Top Ten Tuesday was created by The Broke and the Bookish in June of 2010 and was moved to That Artsy Reader Girl in January of 2018. It was born of a love of lists, a love of books, and a desire to bring bookish friends together.
This week, the prompt is Book I Love That Are More Than 10 Years Old. Love it! I have read every book on this list several times, and I think I have recommended them all at on point or another on the blog. Let’s check them out!
1. The Hunger Games by Suzanne Collins
My go-to read whenever I’m on a slump! I love this series and still talk about it all of the time.
Publication Date: Sept. 14, 2008
Synopsis: Could you survive on your own in the wild, with every one out to make sure you don’t live to see the morning?
In the ruins of a place once known as North America lies the nation of Panem, a shining Capitol surrounded by twelve outlying districts. The Capitol is harsh and cruel and keeps the districts in line by forcing them all to send one boy and one girl between the ages of twelve and eighteen to participate in the annual Hunger Games, a fight to the death on live TV.
Sixteen-year-old Katniss Everdeen, who lives alone with her mother and younger sister, regards it as a death sentence when she steps forward to take her sister’s place in the Games. But Katniss has been close to dead before—and survival, for her, is second nature. Without really meaning to, she becomes a contender. But if she is to win, she will have to start making choices that weight survival against humanity and life against love.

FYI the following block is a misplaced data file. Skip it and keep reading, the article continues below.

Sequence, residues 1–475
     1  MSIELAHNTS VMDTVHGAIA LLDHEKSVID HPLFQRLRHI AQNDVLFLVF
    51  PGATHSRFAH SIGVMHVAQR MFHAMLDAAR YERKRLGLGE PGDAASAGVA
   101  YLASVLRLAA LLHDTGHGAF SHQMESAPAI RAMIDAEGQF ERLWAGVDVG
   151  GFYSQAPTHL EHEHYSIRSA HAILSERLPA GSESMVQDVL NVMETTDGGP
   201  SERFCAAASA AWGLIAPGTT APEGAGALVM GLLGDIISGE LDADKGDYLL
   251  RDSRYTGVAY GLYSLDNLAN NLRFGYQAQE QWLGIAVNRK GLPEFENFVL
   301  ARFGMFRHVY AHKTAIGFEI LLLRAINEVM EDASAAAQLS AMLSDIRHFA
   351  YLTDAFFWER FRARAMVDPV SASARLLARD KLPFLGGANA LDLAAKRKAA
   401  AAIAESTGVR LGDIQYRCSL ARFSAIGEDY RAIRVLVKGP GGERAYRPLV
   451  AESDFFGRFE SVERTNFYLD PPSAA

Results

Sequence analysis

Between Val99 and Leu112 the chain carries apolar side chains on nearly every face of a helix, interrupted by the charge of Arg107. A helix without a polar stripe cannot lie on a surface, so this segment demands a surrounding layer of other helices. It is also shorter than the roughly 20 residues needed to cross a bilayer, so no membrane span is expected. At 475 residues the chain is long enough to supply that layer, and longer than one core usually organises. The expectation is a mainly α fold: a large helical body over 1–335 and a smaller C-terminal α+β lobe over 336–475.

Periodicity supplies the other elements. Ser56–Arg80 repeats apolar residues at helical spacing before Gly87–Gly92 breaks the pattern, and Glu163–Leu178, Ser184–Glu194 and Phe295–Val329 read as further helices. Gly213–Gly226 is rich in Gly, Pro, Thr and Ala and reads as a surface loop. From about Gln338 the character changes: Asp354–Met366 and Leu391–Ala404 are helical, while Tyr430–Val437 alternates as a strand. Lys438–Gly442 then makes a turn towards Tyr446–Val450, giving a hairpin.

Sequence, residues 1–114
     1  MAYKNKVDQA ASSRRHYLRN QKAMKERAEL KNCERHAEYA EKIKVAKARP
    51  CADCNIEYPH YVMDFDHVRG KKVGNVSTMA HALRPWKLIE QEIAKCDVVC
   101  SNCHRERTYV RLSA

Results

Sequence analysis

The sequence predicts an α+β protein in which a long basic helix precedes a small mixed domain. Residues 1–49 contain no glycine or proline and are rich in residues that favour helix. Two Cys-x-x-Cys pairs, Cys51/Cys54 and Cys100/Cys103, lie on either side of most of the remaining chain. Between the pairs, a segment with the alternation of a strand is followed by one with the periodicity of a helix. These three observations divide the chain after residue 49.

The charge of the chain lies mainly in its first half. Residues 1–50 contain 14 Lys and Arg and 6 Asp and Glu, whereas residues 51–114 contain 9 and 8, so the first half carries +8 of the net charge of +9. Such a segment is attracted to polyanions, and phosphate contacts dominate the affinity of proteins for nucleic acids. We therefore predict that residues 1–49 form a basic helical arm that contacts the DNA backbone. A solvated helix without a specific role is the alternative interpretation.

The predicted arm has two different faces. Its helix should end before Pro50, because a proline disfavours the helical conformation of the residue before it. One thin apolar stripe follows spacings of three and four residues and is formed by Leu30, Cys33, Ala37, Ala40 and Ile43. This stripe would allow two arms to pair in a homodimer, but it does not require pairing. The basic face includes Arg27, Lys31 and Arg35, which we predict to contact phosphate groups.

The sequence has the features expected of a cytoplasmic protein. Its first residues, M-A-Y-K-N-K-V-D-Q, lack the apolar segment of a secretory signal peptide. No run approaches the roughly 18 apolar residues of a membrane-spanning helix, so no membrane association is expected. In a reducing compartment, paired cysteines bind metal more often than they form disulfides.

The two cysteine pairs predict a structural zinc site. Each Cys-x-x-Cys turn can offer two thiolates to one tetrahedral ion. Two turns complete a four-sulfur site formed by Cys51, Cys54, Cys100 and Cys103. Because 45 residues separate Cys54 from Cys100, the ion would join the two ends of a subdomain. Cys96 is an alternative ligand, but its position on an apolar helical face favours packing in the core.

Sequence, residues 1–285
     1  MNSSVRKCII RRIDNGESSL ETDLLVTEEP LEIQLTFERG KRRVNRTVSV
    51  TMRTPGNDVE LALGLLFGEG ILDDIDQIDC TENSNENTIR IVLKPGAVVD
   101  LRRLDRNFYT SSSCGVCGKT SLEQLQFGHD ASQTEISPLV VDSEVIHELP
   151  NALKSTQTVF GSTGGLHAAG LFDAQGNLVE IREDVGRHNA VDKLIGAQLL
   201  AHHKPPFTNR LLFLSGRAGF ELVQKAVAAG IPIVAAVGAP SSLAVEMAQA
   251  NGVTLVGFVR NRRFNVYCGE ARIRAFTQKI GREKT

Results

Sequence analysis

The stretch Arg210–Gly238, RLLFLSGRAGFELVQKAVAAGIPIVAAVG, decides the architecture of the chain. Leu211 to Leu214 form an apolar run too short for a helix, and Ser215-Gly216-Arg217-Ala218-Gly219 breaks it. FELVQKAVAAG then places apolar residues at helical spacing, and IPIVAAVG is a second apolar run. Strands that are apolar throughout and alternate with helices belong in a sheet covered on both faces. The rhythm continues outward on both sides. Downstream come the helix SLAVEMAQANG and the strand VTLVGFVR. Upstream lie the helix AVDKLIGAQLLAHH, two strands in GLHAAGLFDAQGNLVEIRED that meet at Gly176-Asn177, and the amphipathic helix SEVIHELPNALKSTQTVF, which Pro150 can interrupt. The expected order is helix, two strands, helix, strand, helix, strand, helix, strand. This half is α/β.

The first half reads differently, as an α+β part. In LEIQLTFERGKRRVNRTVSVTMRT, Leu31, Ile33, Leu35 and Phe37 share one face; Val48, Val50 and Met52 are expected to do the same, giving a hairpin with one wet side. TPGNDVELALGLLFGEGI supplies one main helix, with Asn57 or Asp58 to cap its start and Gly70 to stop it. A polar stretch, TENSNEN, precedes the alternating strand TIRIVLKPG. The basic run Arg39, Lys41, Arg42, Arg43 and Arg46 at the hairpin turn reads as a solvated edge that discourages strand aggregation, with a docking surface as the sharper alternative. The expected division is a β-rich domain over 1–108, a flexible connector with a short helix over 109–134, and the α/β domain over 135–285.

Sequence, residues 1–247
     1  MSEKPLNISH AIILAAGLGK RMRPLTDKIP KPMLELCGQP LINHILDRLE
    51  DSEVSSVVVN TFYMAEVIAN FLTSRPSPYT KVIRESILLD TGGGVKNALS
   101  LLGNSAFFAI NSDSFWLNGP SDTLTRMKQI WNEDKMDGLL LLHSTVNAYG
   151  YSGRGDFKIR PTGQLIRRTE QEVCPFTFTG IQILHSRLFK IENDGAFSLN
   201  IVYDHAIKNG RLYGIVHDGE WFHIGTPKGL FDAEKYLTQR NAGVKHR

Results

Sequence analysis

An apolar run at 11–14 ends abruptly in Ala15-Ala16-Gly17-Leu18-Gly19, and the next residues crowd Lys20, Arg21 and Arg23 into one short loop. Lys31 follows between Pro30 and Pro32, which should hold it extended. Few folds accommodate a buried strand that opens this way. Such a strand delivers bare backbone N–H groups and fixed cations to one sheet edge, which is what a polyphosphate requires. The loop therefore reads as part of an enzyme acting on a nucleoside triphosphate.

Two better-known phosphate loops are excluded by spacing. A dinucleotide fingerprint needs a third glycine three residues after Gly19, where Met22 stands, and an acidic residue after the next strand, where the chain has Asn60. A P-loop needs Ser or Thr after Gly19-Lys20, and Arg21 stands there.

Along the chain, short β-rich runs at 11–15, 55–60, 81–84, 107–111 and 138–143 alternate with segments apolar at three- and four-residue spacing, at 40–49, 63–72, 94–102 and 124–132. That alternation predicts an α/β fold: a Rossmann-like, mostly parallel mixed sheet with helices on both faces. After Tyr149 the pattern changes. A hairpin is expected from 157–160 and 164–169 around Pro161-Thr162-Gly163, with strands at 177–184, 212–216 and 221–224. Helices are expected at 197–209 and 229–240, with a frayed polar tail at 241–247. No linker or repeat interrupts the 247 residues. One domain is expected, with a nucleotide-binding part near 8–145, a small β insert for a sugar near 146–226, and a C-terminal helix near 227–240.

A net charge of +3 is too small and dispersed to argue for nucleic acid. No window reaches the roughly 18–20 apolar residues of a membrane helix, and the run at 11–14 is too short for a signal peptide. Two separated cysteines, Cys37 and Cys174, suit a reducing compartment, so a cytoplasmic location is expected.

2. The Song of Achilles by Madeline Milller
This book made me feel all the feels, and I fell in love with Miller’s beautiful prose as much as I did the characters and love story.
Publication Date: Sept. 20, 2011
Synopsis: Greece in the age of heroes. Patroclus, an awkward young prince, has been exiled to the court of King Peleus and his perfect son Achilles. By all rights their paths should never cross, but Achilles takes the shamed prince as his friend, and as they grow into young men skilled in the arts of war and medicine their bond blossoms into something deeper – despite the displeasure of Achilles’ mother Thetis, a cruel sea goddess. But then word comes that Helen of Sparta has been kidnapped. Torn between love and fear for his friend, Patroclus journeys with Achilles to Troy, little knowing that the years that follow will test everything they hold dear.